Robert Baird Posted: Jan 29, 2015 8 comments
For famously civilized and jaded New York City, the crowd at the resplendent Beacon Theatre is uncommonly involved. Loud requests, many in tangled liquor dialects, boom from the balcony:

"'REDNECK FRIEND'!"

Onstage, Jackson Browne smiles and shakes his head.

"'COCAINE'!"

"I could do that, but it would have to be the rehab version." [crowd roars]

"'FOR A DANCER'!"

Oh, wait—I'm yelling that.

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David Lander Posted: Jan 21, 2015 1 comments
Aerial Acoustics, the speaker firm that Michael Kelly conceived a quarter-century ago with David Marshall, is headquartered north of Boston, not far from the Merrimack River Valley region that once produced textiles and shoes by the trainload. Kelly, though, is quick to equate Aerial with far more distant firms. His industrial models are in Germany, where he lived for a while when his father, a US Army officer, was based there, and where he later spent time as a vice-president of a/d/s/, which had been founded by a German-born and -educated scientist, Godehard Günther, who died last October. They're small-to-midsize specialty firms that together constitute a category called Mittelstanden, and they're as accomplished as they are narrowly focused. They're artisan enterprises, and it's only natural that someone as dedicated as Kelly is to building state-of-the-art loudspeakers would embrace them as examples.
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David Lander Posted: Oct 21, 2014 3 comments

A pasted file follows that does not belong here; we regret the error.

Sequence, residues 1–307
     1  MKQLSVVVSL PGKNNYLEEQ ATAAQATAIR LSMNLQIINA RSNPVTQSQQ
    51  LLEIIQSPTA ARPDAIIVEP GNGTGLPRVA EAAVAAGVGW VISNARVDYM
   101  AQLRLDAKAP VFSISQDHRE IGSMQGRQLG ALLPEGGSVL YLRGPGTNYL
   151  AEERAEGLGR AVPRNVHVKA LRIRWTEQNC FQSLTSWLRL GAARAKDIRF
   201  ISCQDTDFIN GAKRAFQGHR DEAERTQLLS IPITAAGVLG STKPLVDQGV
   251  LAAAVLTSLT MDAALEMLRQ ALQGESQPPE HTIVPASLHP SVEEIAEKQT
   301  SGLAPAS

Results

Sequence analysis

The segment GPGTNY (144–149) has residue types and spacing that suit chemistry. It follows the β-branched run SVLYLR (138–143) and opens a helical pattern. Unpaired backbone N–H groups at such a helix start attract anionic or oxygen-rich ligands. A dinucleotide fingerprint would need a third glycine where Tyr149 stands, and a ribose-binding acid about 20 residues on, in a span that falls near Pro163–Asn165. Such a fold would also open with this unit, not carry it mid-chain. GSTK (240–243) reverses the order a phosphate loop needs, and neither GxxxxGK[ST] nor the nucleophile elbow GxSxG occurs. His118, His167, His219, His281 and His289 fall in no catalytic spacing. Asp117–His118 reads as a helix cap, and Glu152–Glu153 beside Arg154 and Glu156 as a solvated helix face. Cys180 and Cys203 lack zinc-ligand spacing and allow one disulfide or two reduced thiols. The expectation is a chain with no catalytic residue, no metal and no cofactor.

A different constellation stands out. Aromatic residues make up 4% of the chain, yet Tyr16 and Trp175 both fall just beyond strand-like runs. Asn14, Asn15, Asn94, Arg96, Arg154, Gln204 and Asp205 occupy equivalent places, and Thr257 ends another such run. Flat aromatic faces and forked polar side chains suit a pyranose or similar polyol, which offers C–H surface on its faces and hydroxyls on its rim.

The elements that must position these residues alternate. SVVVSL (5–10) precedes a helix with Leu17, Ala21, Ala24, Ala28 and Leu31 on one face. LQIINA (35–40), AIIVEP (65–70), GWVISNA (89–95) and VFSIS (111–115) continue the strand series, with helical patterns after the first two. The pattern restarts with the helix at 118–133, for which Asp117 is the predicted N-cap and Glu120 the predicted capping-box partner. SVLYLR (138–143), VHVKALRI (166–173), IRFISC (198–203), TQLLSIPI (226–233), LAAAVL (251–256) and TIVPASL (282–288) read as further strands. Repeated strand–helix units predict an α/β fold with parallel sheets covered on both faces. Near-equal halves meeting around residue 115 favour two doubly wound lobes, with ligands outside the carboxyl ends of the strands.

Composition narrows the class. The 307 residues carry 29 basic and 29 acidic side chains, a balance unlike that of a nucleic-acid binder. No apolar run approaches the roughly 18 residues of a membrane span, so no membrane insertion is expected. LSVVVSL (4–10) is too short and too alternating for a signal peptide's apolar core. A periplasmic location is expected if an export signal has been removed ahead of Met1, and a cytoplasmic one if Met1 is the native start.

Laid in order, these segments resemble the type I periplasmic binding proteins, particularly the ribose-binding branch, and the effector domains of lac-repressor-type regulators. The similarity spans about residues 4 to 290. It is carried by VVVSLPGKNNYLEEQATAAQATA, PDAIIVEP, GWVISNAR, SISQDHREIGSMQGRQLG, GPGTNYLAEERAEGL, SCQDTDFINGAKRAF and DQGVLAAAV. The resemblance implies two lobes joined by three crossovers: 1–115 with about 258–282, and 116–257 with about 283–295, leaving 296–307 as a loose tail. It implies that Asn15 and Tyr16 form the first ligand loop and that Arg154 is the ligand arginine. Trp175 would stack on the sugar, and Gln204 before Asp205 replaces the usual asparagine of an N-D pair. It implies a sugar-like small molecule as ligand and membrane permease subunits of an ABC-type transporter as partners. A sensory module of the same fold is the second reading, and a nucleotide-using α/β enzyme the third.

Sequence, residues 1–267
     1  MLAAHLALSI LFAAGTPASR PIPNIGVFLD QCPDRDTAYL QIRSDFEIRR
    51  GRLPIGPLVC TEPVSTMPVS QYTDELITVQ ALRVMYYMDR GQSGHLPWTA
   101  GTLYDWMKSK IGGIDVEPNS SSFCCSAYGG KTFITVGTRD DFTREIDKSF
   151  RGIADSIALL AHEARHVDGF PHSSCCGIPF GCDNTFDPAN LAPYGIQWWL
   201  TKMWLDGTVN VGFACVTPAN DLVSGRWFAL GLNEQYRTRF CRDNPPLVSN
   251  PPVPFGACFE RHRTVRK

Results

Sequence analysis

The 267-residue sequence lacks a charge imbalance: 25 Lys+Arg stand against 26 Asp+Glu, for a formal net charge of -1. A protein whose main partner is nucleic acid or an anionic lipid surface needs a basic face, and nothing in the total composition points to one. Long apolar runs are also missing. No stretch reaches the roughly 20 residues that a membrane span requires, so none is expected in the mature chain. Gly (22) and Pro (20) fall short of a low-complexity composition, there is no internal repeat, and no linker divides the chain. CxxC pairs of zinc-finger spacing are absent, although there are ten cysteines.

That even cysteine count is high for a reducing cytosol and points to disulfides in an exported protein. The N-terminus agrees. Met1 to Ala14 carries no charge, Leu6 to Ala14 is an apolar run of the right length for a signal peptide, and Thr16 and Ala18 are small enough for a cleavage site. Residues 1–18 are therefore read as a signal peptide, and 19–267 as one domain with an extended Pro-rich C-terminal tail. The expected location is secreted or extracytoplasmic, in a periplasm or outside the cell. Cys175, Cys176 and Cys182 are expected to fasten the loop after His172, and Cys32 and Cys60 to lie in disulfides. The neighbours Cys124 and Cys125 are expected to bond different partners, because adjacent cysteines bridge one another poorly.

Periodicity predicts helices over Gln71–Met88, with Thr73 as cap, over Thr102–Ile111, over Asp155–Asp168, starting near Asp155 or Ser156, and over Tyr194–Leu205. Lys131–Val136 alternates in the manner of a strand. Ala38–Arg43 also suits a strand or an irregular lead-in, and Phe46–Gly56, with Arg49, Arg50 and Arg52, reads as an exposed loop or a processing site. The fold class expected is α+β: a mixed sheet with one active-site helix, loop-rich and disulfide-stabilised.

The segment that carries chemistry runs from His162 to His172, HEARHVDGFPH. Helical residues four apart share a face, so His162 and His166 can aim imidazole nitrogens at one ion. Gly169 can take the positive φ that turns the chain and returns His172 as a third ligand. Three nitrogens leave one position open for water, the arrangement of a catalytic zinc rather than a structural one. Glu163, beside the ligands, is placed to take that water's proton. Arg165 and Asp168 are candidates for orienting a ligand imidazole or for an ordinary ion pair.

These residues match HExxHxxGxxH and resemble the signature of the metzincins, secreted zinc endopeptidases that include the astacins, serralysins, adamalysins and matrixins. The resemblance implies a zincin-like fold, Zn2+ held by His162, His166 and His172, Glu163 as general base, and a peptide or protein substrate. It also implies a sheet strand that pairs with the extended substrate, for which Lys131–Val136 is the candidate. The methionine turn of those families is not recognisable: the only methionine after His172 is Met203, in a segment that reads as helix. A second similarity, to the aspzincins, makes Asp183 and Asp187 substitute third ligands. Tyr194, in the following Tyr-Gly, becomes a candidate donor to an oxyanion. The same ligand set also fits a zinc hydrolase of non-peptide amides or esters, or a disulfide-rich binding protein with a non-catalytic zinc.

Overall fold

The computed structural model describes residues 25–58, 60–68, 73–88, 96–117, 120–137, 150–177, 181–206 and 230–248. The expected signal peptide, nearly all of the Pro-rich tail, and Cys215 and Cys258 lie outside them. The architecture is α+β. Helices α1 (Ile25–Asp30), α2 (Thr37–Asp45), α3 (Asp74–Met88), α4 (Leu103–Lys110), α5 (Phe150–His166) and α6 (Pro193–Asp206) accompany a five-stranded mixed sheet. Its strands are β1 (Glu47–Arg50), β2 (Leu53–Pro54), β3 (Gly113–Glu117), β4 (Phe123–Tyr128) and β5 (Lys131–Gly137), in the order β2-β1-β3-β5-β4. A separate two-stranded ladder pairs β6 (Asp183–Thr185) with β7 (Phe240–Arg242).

Both Chesky Records and HDtracks have a pair of co-founding partners, but the music-minded press has perpetually focused on one of them, pianist and composer David Chesky, while ignoring his younger brother, Norman. Mainstream reporters and photographers did converge on Norman Chesky once, when they spotted him rolling a bulky, rough-hewn, wooden artifact from the 2009 auction at which Bernard Madoff's personal effects were sold for the benefit of bilked investors. Leading newspapers ran photos of Norman with the tree-trunk table he'd bought after happening on the sale, and the New York Times identified him as "a music executive from Manhattan." As the exchange that follows shows, that description was a glaring oversimplification.
Robert Baird Posted: May 06, 2014 Published: May 01, 2014 0 comments
Making a recording is always a personal journey—everyone has a story to tell. Jazz violinist Regina Carter's latest, Southern Comfort, is an eloquent musical expression of Carter tracing the roots of her paternal lineage back five generations. For the project's sound engineer, Joe Ferla, it's the final project of a engineering career, and the beginning point of his new life as a practicing musician. The entwining of these journeys gives the album's music and sound a rare honesty.
Robert Baird Posted: Mar 05, 2014 2 comments
As songwriters go, Guy Clark has been touched by the muse more than most. Unfortunately, in recent years he's also been visited by illness and heartache. In June 2012, his wife of 40 years, Susanna Clark, who was both a songwriter ("Easy from Now On") and an artist (the cover of Willie Nelson's Stardust), died in Nashville. In the past several years Clark, 72, has battled lymphoma, had his knees replaced, and undergone an arterial replacement in one leg. He was being treated for skin cancer when I visited his home, south of Nashville, in October 2013.